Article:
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International Accidents

International flights are flights that have an international stop printed on the ticket, even if the stop is not the origin or destination. Merely flying over international land would not make a flight international. Accidents and incidents must be reported to the National Transportation Safety Board (NTSB) equivalent in the country where the accident happened. The NTSB itself will become involved in international airplane accidents if: the accident aircraft was registered in the U.S., if the type of aircraft was American built, or if a significant number of Americans were killed. Whichever agency(s) are involved with the investigation, they must abide by local authorities and applicable international agreements. 

Which international agreement will apply to an international airplane accident is dependent on what year the accident occurred and whether both countries involved have adopted the newest international agreement. The newest and most often used international agreement is the Montreal Convention. If one of the countries involved has not adopted the Montreal Convention (ratified in 2003), then the Warsaw Convention and supplements such as the Montreal Agreements are the controlling law. The applicable convention will establish in which country suit may be brought, which country’s law will govern the suit, and whether the suit will be barred. Under either Convention, the Plaintiff has two years from the date of the accident to file a cause of action.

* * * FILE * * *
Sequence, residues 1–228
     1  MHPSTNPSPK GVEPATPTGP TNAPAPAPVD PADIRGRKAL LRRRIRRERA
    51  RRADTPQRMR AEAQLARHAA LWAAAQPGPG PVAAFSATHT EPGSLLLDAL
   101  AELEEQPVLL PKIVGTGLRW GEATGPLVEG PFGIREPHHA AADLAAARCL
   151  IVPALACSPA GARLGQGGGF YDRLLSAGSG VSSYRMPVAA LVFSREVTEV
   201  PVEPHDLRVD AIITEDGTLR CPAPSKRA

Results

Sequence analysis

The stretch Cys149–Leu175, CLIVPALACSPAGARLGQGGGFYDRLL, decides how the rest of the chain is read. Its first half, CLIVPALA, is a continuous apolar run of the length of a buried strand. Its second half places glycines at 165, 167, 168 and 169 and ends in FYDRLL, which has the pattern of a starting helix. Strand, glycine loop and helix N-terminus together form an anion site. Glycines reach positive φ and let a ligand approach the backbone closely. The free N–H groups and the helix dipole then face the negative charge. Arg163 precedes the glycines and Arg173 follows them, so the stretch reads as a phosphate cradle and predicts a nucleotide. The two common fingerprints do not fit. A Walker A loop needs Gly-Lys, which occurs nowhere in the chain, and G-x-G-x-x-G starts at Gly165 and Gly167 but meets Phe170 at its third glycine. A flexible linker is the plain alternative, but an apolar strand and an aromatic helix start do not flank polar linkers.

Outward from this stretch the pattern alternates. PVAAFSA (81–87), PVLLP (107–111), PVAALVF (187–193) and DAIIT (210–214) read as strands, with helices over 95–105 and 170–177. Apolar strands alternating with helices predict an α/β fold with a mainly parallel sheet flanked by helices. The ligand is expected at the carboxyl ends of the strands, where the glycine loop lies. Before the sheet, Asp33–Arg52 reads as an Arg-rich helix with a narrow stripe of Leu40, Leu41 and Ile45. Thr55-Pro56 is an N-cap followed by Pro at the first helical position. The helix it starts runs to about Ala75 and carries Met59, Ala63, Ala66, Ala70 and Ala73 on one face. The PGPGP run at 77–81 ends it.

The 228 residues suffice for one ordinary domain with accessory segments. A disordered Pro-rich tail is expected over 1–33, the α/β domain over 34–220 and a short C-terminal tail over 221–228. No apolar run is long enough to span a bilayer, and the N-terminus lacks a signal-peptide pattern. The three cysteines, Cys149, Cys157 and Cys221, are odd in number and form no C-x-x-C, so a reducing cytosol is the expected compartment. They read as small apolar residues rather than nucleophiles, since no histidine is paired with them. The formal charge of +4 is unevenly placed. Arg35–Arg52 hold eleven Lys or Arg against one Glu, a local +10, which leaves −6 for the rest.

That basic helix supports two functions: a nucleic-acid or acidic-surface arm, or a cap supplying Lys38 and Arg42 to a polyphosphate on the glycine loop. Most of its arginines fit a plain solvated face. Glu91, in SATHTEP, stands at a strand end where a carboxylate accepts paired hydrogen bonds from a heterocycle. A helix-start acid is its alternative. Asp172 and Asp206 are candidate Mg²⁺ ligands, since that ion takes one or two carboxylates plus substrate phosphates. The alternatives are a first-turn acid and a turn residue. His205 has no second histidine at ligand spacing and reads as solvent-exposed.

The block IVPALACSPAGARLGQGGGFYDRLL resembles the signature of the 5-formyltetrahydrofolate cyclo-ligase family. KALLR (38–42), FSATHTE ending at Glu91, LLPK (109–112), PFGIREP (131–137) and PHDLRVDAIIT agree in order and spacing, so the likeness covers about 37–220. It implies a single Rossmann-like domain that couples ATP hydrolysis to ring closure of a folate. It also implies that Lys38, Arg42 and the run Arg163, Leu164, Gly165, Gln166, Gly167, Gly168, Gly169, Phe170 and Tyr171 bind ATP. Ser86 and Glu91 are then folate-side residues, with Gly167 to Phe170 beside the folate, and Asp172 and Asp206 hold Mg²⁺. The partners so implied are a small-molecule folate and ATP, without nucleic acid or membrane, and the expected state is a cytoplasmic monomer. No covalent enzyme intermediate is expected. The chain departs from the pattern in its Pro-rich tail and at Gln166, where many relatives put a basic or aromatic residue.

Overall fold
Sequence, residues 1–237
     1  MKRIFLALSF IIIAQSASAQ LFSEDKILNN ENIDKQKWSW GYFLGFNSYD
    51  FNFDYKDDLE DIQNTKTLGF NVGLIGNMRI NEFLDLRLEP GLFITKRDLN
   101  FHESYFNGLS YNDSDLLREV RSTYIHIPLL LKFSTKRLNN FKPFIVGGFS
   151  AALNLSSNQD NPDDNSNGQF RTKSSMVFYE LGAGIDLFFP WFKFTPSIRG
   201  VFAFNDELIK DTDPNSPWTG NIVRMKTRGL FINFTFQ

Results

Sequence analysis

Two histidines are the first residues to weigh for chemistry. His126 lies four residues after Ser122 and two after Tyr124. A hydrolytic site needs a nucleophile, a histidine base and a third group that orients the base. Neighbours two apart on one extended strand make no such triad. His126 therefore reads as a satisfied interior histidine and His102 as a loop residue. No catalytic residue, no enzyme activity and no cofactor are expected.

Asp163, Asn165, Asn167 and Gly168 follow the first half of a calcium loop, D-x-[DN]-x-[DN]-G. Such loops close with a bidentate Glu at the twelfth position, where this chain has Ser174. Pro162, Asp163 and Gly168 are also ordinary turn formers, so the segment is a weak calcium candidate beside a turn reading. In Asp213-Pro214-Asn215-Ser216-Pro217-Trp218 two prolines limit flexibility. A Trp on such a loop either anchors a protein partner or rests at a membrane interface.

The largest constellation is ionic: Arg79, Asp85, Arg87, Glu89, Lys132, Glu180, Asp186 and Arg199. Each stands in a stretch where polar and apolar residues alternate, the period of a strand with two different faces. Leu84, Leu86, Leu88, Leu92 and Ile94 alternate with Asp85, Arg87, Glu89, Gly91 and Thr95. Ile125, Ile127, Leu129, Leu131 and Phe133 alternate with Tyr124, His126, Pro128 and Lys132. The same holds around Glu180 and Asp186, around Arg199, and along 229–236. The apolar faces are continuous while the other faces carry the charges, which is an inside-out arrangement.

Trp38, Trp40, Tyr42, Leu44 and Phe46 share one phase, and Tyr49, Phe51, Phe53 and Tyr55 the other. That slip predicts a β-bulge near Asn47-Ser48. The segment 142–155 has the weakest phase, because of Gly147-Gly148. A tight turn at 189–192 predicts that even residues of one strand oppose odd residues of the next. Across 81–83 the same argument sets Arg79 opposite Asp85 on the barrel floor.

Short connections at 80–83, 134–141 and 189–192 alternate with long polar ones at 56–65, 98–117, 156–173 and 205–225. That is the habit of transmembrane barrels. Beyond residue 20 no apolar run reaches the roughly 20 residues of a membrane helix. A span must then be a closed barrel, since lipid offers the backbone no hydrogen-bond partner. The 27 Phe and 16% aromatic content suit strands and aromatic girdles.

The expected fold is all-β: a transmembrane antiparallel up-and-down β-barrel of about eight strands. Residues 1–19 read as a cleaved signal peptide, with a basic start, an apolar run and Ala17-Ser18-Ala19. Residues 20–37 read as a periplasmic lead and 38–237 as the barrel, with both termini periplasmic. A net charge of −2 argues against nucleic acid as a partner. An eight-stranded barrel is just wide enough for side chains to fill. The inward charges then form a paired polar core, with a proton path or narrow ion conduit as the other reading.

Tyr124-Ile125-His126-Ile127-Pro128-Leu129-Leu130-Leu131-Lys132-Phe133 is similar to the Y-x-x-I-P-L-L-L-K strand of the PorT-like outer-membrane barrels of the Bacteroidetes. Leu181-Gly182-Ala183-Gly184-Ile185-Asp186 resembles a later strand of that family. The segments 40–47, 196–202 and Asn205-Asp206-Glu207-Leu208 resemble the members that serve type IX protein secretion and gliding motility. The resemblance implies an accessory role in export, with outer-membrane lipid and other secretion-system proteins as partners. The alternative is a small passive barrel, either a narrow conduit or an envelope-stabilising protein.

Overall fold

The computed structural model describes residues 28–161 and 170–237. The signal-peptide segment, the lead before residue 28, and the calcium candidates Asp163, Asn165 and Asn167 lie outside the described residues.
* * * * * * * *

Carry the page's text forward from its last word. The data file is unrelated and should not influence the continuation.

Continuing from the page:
Generally speaking, treaties limit recovery for international flight accidents. That is because the treaties regulate liability for international flights. There are some exceptions, and injured passengers and next-of-kin have seen improved compensation over the years. The Montreal Convention is more consumer-friendly than the Warsaw Convention. Under the Montreal Convention, strict liability exists up to roughly $150,000 for proven injuries or death that occur while getting on the plane, being on the plane, or getting off the plane. Beyond the roughly $150,000 cut-off for strict liability, there is no limit on compensatory damages unless the airline can prove it was not negligent. 

Compensatory damages include things such as past, present, and future medical expenses, pain and suffering, and lost income. Generally, emotional and mental injuries are not covered unless accompanied by physical injuries, as well. Punitive damages, meant as a punishment and as a means to make an example out of a wrong-doer, are not allowed under either convention.

Treaties like the Montreal Convention make international airplane accidents more complex than domestic airplane accidents. There are other laws that may also come into effect when dealing with international flight accidents. For instance, foreign countries may have sovereign immunity, meaning they are immune from certain lawsuits. Additionally, a country may not adhere to international treaties such as the Hague Convention, which makes gathering information about the accident particularly difficult. Also, if the aircraft accident occurred at sea versus on land, the Death on the High Seas Act may further change the outcome of the case. All in all, international airplane accidents are complex matters that require a skilled, experienced attorney to handle them properly. 


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